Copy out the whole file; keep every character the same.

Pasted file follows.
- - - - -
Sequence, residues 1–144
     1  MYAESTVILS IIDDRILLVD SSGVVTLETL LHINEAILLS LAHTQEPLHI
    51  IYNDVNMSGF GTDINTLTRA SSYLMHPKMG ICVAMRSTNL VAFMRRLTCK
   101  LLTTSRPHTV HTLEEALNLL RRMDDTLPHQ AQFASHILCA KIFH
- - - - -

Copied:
Sequence, residues 1–144
     1  MYAESTVILS IIDDRILLVD SSGVVTLETL LHINEAILLS LAHTQEPLHI
    51  IYNDVNMSGF GTDINTLTRA SSYLMHPKMG ICVAMRSTNL VAFMRRLTCK
   101  LLTTSRPHTV HTLEEALNLL RRMDDTLPHQ AQFASHILCA KIFH